You’ve been hearing about it everywhere. The Supreme Court is going to decide on Proposition 8 and DOMA. You’ve heard that these are historic cases. But what on Earth are these things? And why is any of it important?

The Defense of Marriage Act, or DOMA, says that same-sex couples can’t have the same government rights and privileges as one man/one woman couples. California’s Prop 8 outright bans same-sex marriage. Depending on the Court’s decision, gay marriage could become legal or illegal on a federal level. Or, the Supreme Court could decline to comment, which would be a cop-out.

While many people have been arguing over whether or not gay marriage is right (it is), few people have been discussing the legal side of it. Nowhere in the Constitution does it say anything about marriage, gay or straight. So, technically, if it isn’t specifically stated to be illegal or legal, then people should be able to get married to whomever they want. However, there’s another side to this. In the Constitution, it says that anything not stated within that document will be left up to the states to decide. Considering that, if a state (in this case, California) wants to make a law banning gay marriage, they can.

So what the Supreme Court is looking at isn’t a matter of whether or not same-sex couples can get married, but whether if it is legal to make laws defining marriage. And since the Constitution doesn’t say anything about the subject, states technically can.

However, that means unless a state outright bans same-sex marriage, then there is nothing in their law book to say same-sex marriage can’t happen. So really, if a same-sex couple wanted to get married in a state that doesn’t ban it, they can. They can go to a court house and get married. Now, of course, since we have a separation of church and state, if a same-sex couple is rejected by a church, then the government can’t really do anything. But that’s when you throw an epic outdoor wedding across the street from the church and have a licensed person wed you. No, I’m serious. Just about anyone (within reason) can get a license that allows them to wed people.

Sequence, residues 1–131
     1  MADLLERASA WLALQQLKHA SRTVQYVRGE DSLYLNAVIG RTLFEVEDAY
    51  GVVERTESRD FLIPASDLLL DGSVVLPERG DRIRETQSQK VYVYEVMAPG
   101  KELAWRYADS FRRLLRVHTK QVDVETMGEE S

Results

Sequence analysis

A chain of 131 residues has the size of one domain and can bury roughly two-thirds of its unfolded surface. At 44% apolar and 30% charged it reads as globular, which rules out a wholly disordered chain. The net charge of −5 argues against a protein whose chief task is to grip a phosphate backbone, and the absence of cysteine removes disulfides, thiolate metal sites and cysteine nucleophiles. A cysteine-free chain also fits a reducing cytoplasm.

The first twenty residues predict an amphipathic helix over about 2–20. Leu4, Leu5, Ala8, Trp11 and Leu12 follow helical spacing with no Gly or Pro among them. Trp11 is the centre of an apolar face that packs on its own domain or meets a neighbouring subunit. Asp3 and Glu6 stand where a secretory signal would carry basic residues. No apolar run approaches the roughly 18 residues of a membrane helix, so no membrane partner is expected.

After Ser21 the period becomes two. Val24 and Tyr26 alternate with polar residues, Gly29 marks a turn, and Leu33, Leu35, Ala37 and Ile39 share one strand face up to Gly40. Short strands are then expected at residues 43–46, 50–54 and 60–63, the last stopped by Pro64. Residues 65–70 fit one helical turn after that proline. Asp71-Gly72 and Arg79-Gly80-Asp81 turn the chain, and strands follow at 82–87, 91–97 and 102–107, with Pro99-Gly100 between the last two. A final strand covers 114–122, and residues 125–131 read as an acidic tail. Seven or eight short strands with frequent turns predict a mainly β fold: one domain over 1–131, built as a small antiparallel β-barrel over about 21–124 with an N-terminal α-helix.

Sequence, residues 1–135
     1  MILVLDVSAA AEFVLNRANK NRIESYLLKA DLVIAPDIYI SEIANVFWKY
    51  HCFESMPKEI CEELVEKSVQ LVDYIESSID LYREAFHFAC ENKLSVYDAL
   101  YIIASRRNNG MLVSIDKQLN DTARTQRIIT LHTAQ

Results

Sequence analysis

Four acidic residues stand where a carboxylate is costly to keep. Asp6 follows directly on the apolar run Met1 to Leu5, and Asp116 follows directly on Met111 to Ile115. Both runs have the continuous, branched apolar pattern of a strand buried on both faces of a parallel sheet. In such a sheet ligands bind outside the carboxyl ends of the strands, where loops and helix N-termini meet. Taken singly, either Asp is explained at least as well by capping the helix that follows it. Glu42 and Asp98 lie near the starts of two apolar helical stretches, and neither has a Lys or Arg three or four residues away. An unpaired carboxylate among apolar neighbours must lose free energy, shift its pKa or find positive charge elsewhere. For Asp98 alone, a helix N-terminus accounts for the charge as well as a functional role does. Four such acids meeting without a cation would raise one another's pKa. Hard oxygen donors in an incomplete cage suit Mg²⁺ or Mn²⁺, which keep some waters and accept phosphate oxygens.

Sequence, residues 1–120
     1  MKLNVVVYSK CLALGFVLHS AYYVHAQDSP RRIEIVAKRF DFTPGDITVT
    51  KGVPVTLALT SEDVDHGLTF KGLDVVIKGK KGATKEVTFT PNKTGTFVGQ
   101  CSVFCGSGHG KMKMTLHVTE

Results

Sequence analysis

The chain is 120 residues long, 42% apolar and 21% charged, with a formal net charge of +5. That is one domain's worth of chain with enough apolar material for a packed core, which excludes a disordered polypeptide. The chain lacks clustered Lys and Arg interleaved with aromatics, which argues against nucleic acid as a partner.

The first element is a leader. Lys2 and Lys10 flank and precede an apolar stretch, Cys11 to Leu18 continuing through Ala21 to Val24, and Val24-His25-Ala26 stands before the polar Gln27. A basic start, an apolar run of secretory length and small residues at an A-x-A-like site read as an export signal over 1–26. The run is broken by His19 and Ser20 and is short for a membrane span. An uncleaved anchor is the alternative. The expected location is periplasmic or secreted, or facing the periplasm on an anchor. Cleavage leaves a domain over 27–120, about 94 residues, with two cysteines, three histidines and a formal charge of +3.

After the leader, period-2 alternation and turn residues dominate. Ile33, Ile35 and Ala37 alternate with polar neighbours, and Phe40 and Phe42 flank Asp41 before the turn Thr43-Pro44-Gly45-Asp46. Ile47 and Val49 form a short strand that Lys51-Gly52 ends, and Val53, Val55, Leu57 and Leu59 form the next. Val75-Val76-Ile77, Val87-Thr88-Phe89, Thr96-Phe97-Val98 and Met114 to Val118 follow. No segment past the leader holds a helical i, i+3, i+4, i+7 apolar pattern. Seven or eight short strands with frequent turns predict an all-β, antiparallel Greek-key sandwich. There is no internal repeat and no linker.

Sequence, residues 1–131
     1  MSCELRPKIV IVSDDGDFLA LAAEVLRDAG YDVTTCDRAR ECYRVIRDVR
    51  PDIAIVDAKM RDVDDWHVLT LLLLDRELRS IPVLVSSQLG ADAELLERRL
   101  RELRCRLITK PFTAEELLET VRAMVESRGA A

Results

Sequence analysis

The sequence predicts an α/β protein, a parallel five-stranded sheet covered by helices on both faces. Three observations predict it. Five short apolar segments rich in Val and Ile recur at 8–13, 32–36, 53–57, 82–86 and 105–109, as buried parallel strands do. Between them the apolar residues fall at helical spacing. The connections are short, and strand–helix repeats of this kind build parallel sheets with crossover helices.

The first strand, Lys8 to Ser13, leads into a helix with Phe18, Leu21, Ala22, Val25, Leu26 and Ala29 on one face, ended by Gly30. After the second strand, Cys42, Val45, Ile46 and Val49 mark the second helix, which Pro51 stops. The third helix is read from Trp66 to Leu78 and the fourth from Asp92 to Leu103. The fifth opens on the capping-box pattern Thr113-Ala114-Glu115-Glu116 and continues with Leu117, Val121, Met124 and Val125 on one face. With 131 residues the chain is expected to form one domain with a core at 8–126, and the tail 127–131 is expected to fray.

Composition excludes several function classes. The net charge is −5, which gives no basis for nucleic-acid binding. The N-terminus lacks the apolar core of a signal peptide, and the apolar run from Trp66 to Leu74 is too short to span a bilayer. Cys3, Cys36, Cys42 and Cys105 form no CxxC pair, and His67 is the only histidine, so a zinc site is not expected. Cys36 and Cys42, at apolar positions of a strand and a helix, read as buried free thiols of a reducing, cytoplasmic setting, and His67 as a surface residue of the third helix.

But that’s only covering Prop 8. DOMA is its own beast: a federal law. However, the Obama administration has declared the part of DOMA that bans same-sex marriage to be unconstitutional. And here we are.
The Supreme Court will be announcing their verdict in July of this year. Though, I’m sure the debate will continue regardless of what the outcome proves.

By Meghan Beatty

One response to “Why DOMA and Prop 8 are unconstitutional”

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